You must know the MAC address of the Fast Ethernet interface that will be used to connect the router to the LAN during the AutoInstall process to determine the client identifier manually. This requires connecting a terminal to the router, and powering it on, so that you can enter the show interface interface-type interface-number command.

The client-identifier looks like this:

0063.6973.636f.2d30.3030.362e.3533.6237.2e38.6537.312d.4661.332f.30

The format is nullcisco-0006.53b7.8e71-fa3/0 where 0006.53b7.8e71 is the MAC address and fa3/0 is the short interface name for the interface that the IP address request is made for.

The values for the short-if-name field can be obtained from an SNMP workstation with the Cisco MIBs installed. This is an example of how to map ifIndex to an interface on Cisco IOS:

snmpwalk -c public ponch ifName
IF-MIB::ifName.1 = STRING: AT2/0
IF-MIB::ifName.2 = STRING: Et0/0
IF-MIB::ifName.3 = STRING: Se0/0
IF-MIB::ifName.4 = STRING: BR0/0

Use the show interface interface-type interface-number command to display the information and statistics for a Fast Ethernet interface.

R6> show interface fastethernet 3/0
FastEthernet3/0 is up, line protocol is up
  Hardware is AmdFE, address is 0006.53b7.8e71 (bia 0006.53b7.8e71)
.
.
.
R6>

The MAC address for FastEthernet 3/0 on R6 is 0006.53b7.8e71. The format of the client identifier for this interface is nullcisco-0006.53b7.8e71-fa3/0.


Note


The short interface name for Fast Ethernet interfaces is fa.

The table below shows the values for converting characters to their hexadecimal equivalents. The last row in the second table below shows the client identifier for Fast Ethernet 3/0 on R6 (nullcisco-0006.53b7.8e71-fa3/0).

Table 6 Hexadecimal to Character Conversion Chart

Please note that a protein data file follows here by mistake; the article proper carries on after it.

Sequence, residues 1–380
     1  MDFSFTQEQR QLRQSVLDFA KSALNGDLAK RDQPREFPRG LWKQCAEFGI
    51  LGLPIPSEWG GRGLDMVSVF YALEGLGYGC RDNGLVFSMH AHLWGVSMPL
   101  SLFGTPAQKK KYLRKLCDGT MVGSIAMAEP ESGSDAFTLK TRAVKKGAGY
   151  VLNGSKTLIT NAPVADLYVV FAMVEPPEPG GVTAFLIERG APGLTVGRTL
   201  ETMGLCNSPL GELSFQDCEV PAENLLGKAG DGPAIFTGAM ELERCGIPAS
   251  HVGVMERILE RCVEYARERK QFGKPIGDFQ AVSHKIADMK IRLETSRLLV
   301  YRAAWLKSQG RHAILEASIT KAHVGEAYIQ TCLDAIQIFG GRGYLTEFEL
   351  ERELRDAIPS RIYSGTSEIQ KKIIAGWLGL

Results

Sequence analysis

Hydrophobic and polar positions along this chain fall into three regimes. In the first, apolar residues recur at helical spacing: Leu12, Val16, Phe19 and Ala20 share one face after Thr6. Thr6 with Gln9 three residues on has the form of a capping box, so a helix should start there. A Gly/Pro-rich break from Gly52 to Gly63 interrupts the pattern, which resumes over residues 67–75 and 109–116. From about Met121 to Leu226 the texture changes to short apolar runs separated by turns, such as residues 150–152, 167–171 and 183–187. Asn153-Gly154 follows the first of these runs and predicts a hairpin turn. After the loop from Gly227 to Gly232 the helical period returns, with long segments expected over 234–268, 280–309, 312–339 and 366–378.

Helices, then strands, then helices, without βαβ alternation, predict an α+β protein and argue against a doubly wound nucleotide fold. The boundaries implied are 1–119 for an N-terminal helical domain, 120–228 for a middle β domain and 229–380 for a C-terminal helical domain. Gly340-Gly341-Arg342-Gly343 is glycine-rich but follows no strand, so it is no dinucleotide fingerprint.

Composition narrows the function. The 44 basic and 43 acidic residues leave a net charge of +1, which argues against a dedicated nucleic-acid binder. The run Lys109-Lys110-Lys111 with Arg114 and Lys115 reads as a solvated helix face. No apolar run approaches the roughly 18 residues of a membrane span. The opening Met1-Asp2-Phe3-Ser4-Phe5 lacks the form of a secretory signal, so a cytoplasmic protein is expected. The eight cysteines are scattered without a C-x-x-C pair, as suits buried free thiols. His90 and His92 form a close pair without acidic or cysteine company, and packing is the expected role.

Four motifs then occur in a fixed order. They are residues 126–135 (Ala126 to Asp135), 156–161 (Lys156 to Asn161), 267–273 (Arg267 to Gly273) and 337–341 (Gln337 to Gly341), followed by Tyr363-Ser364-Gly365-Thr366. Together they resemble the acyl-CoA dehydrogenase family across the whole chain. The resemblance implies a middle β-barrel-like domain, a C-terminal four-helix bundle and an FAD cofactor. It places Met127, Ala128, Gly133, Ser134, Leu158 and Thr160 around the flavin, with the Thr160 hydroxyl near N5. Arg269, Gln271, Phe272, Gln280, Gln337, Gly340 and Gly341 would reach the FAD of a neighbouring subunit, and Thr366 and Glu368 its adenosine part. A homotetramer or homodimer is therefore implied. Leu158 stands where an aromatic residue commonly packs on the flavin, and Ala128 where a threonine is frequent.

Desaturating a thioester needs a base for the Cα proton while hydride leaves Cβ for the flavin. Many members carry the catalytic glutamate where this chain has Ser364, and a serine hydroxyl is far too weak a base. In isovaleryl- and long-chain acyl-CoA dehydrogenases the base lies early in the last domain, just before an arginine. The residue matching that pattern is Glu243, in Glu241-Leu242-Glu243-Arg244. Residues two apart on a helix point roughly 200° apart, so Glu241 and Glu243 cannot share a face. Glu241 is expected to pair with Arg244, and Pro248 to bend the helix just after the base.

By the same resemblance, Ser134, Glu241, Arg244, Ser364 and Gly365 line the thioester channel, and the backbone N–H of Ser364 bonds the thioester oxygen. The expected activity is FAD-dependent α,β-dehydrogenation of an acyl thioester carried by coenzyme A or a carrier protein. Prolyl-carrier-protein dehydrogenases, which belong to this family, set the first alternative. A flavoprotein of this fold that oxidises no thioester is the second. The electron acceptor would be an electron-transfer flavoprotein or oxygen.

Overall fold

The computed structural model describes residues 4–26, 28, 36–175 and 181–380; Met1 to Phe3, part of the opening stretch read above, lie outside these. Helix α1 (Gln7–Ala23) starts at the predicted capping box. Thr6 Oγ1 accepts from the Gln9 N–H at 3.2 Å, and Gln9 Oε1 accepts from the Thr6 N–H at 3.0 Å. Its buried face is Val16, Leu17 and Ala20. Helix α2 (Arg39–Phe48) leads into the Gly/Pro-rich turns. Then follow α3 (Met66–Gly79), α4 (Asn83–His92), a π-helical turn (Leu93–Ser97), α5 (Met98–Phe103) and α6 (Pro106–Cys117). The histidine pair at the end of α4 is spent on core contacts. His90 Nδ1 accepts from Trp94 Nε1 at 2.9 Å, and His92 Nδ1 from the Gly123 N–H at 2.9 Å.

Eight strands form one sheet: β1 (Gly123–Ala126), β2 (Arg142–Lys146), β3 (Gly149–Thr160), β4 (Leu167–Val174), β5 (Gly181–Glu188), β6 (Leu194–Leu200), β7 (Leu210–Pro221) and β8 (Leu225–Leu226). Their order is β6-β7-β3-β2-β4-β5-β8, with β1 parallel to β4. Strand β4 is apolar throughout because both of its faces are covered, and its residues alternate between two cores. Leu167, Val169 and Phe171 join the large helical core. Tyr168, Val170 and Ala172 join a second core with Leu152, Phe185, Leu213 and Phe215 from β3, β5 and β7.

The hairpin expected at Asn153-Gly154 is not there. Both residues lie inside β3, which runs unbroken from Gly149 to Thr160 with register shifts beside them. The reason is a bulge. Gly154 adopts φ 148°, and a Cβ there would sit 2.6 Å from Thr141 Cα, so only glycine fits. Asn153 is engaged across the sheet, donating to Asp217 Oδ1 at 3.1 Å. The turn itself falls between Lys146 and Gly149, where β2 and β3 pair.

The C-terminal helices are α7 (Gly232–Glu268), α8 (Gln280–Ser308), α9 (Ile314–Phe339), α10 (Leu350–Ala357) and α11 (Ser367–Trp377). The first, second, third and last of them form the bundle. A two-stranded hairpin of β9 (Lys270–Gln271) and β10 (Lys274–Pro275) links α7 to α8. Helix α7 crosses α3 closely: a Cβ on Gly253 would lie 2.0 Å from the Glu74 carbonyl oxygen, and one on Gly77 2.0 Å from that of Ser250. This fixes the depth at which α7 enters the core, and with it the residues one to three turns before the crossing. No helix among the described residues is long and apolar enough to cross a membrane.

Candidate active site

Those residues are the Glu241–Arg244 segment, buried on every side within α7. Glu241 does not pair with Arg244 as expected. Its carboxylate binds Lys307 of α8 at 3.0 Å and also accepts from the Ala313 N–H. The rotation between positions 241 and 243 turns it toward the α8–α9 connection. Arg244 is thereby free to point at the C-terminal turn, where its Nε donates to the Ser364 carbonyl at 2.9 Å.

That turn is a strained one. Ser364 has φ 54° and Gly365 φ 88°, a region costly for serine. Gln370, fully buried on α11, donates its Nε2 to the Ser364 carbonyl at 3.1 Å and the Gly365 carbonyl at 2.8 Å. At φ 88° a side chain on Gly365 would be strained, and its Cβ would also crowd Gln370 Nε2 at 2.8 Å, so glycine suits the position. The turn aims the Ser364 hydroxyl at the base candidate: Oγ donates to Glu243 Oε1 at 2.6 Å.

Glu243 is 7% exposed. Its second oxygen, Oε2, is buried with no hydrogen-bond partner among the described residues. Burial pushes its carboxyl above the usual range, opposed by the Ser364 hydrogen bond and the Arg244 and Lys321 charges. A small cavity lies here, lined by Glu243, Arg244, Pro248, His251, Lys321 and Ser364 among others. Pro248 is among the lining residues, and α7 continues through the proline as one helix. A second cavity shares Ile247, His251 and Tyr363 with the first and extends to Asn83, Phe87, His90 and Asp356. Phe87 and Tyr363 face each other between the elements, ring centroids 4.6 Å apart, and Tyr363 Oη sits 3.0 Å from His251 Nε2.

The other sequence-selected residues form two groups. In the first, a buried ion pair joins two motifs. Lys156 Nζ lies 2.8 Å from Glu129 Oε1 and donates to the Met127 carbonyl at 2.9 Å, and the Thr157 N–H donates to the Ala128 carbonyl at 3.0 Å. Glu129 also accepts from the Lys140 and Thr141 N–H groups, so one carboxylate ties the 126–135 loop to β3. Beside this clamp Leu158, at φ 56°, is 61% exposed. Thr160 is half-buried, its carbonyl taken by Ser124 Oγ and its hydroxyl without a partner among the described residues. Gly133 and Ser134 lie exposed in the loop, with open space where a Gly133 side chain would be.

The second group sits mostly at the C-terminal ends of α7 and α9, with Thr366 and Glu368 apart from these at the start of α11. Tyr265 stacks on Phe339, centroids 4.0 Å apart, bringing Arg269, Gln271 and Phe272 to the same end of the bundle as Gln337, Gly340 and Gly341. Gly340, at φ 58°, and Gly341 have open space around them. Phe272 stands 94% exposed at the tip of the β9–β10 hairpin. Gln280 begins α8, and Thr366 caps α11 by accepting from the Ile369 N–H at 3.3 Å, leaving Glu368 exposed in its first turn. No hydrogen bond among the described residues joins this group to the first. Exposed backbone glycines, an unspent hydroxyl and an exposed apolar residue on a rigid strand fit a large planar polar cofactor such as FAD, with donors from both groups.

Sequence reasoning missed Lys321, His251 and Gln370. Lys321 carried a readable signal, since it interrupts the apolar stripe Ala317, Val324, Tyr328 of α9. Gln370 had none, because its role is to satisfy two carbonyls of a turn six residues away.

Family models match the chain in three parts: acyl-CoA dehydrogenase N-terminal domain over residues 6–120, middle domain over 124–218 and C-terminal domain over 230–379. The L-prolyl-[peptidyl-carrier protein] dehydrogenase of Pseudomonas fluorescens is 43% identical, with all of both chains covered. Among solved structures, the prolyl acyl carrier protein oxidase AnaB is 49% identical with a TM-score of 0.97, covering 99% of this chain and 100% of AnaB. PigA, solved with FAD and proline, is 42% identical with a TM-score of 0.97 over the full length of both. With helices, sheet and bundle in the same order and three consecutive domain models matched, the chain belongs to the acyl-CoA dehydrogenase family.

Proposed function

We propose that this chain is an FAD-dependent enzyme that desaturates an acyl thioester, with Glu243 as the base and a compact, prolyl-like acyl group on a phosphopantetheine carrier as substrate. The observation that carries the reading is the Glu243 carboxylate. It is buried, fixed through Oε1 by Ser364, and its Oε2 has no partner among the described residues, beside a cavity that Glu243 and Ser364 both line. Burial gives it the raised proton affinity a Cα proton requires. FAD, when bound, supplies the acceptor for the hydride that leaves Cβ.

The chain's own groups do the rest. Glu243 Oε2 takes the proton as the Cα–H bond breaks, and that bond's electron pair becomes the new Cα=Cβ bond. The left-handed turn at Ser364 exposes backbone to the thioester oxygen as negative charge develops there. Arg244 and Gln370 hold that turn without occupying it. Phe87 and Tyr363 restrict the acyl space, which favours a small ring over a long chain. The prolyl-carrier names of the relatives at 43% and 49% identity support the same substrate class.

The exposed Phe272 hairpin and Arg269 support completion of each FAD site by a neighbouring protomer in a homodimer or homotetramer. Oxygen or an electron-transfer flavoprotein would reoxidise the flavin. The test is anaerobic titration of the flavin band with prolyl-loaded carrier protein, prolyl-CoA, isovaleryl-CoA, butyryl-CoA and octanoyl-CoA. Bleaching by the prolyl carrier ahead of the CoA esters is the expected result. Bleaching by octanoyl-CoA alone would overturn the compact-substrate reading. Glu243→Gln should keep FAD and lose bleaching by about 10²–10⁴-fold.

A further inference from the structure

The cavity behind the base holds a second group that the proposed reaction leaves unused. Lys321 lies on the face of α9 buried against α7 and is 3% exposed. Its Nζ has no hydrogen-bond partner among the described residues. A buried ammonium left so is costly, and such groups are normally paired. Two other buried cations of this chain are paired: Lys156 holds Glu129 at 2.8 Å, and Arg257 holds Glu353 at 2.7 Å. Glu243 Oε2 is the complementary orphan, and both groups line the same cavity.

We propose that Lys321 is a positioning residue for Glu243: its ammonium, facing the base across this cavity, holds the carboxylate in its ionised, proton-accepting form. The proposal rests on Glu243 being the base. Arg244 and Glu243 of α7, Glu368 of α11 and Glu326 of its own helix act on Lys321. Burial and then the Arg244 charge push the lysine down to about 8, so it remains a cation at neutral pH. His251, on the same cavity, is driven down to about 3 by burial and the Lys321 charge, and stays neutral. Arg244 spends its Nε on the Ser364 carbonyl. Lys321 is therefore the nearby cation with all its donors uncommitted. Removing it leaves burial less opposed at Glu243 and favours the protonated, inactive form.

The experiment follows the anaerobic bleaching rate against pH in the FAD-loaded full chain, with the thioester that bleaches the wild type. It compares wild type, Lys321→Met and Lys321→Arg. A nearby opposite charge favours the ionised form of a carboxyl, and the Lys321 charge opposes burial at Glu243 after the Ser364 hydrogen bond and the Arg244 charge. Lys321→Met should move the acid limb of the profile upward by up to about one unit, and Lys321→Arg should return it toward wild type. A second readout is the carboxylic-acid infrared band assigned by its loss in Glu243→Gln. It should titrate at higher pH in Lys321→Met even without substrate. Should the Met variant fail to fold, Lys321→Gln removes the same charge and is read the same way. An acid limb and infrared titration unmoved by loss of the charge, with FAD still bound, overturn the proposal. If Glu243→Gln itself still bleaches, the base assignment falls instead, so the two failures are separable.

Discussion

Hex

Char

Hex

Char

Hex

Char

Hex

Char

Hex

Char

00

NUL

1a

SUB

34

4

4e

N

68

h

01

SOH

1b

ESC

35

5

4f

O

69

I

02

STX

1c

FS

36

6

50

P

6a

j

03

ETX

1d

GS

37

7

51

Q

6b

k

04

EOT

1e

RS

38

8

52

R

6c

l

05

ENQ

1f

US

39

9

53

S

6d

m

06

ACK

20

3a

:

54

T

6e

n

07

BEL

21

!

3b

;

55

U

6f

o

08

BS

22

"

3c

<

56

V

70

p

09

TAB

23

#

3d

=

57

W

71

q

0A

LF

24

$

3e

>

58

X

72

r

0B

VT

25

%

3f

?

59

Y

73

s

0C

FF

26

&

40

@

5a

Z

74

t

0D

CR

27

'

41

A

5b

[

75

u

0E

SO

28

(

42

B

5c

\

76

v

0F

SI

29

)

43

C

5d

]

77

w

10

DLE

2a

*

44

D

5e

^

78

x

11

DC1

2b

+

45

E

5f

_

79

y

12

DC2

2c

,

46

F

60

`

7a

z

13

DC3

2d

-

47

G

61

a

7b

{

14

DC4

2e

.

48

H

62

b

7c

|

15

NAK

2f

/

49

I

63

c

7D

}

16

SYN

30

0

4a

J

64

d

7e

~

17

ETB

31

1

4b

K

65

e

7f

D

18

CAN

32

2

4c

L

66

f

19

EM

33

3

4d

M

67

g

Table 7 Conversion of nullcisco-0006.53b7.8e71-fa3/0 To A Client Identifier

00

c

i

s

c

o

-

0

0

0

6

.

5

3

b

7

.

8

e

7

1

-

f

a

3

/

0

00

63

69

73

63

6f

2d

30

30

30

36

2e

35

33

62

37

2e

38

65

37

31

2d

46

61

33

2f

30

R4